Difficult as it might be to imagine now that the sport of rallying is both polished and ultra professional, there was a time when certain events were all but impossible to predict. The rallies in question tended to be long haul jaunts, the kind which pitted competitors against one another and the elements, and the most prestigious of the lot was the East African Safari. The Safari was easily the most spectacular event on the WRC calendar and was never truly tamed, not even in its final years in the early noughties. It remained a wonderfully anachronistic endeavour, and a direct link to rallying’s earlier, more innocent incarnation.
Why are we kicking off this project page by discussing the Safari Rally? Because the car you see here, 160J, will be forever linked to the event, one the humble Datsun won an amazing four times on the bounce between 1979 and 1982. More pertinently still, the very car you see here has contested the equally gruelling classic Safari since it left Retropower some years ago, in the process demonstrating both the innate ‘toughness’ of Datsuns from this era and the quality of our own fabrication work.
Not that any of this was on the cards in the summer of 2013 when owner and long time Datsun fan, Scott Armstrong, brought the car to Retropower. He’d been obsessed with Datsuns and their East African exploits since he saw the event for himself in 1982, one of the last years of Datsun dominance and an era when the Safari was still a raw, uncompromising slog through the African bush. It clearly made an impression, so much so that Scott came to us with a clear brief; he wanted us to build him a Safari-ready 160J of his own, a car he could use to contest the East African Safari Classic.
This was easier said than done, primarily as actually finding a Datsun 160J in the UK, in fact any Datsun, is a massive challenge. The task was made that bit easier through Scott’s own connections and the fact that he’s been a fully paid up Violet fiend for the best part of his life, hence why he had 4 different cars when we agreed to take the project on. We were able to select the most suitable of the quartet, then have it dropped at Retropower whereupon the fabrication process could begin in earnest.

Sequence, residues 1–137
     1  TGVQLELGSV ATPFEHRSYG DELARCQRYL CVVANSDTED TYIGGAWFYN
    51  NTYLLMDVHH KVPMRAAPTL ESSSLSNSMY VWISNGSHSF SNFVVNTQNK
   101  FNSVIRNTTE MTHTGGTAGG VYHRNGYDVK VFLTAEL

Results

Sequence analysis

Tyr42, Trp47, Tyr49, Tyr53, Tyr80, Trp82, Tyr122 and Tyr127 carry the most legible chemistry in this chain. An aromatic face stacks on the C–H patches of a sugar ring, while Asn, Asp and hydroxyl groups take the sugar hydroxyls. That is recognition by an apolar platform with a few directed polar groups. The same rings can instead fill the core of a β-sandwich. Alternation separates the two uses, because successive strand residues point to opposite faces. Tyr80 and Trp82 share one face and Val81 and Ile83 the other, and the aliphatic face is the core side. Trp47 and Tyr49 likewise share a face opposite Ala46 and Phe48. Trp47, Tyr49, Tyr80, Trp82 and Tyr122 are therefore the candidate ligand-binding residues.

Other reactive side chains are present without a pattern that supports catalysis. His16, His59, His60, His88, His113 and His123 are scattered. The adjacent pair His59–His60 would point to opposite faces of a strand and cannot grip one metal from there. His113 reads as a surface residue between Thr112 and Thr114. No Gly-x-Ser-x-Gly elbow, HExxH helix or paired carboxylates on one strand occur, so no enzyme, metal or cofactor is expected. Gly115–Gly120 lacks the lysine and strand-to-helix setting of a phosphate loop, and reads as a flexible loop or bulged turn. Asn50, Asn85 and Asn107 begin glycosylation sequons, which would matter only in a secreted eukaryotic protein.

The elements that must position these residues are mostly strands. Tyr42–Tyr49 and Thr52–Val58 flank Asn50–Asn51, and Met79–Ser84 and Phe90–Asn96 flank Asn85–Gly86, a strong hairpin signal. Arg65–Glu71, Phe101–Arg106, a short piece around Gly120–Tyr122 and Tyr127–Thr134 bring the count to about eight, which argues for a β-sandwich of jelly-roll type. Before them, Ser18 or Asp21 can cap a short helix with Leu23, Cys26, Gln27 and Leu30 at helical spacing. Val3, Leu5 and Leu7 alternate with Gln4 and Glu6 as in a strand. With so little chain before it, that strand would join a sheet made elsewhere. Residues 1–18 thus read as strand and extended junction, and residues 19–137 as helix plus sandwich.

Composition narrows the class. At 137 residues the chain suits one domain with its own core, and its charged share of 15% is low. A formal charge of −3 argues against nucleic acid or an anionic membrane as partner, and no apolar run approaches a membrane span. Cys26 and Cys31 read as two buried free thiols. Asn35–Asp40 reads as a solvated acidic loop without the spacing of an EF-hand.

The fact that the finished car would be used to contest one of the most demanding of all motorsport undertakings had an impact on the build of the Violet from the very beginning. Let’s face it, the years might’ve ticked by but the East African Safari Classic represents just as much of a challenge to rally cars in 2018 as it did in 1978. We therefore began an intensive strengthening process, adding steel reinforcement sections to key areas of the Datsun’s chassis, including both front and rear suspension points, transmission and engine mounts, as well as fabricating a custom, FIA-compliant roll cage.
It’s worth noting that carrying out the task of actually preparing the 160J for the task at hand was rendered that bit more complex for it being a Datsun as opposed to something like a Mk2 Escort and Porsche 911, as there’s almost nothing available ‘off the peg.’ Everything had to be either fabricated back into shape or re-made from scratch, and seeing as Japanese cars of this era weren’t exactly known for their anti-corrosion properties, there was plenty of both.
The need to fabricate the car in readiness for a life in the African savannah became something of a race against time, the need to complete the metalwork, send it off to a specialist for an engine installation, then have it dropped back at Retropower for completion and re-wiring all a test for everyone working on the Datsun.
The good news was that the work was completed in time, just. The bad news was that, with the time taken to ship the 160J to Mombassa taken into consideration Scott was facing the prospect of taking on this most daunting of classic rallies with little to no testing under his belt.
Still, both Scott and ‘Pali’ Harpal Sudle (his co-driver) could at least count upon the Datsun’s famed strength to get them through – or at least they assumed. Scott was on a flyer from the moment he set off on the opening day of the seven day slog, but not for long; he sheered a wheel bare a KM into the first stage and learned a valuable lesson in the process – a slow Safari stage can often mean a successfully completed Safari stage.
It was with this mindset that the pair tackled the rest of the event, reasoning that discretion really was the better part of valour, at least when it comes to covering thousands of kilometres of African scrub. The subsequent days saw the Datsun crew battle ruts, ambiguous pace notes, rock beds, sickly gearboxes, broken tie-rods, bent steering arms, and on the final day, mud – and lots of it. The pair picked their way to the finish with a mix of care and, when required, pace, finishing the event in an amazing 15th overall and winners of The Meritorious Award, a special commendation for overcoming adversity and competing within the spirit of the event.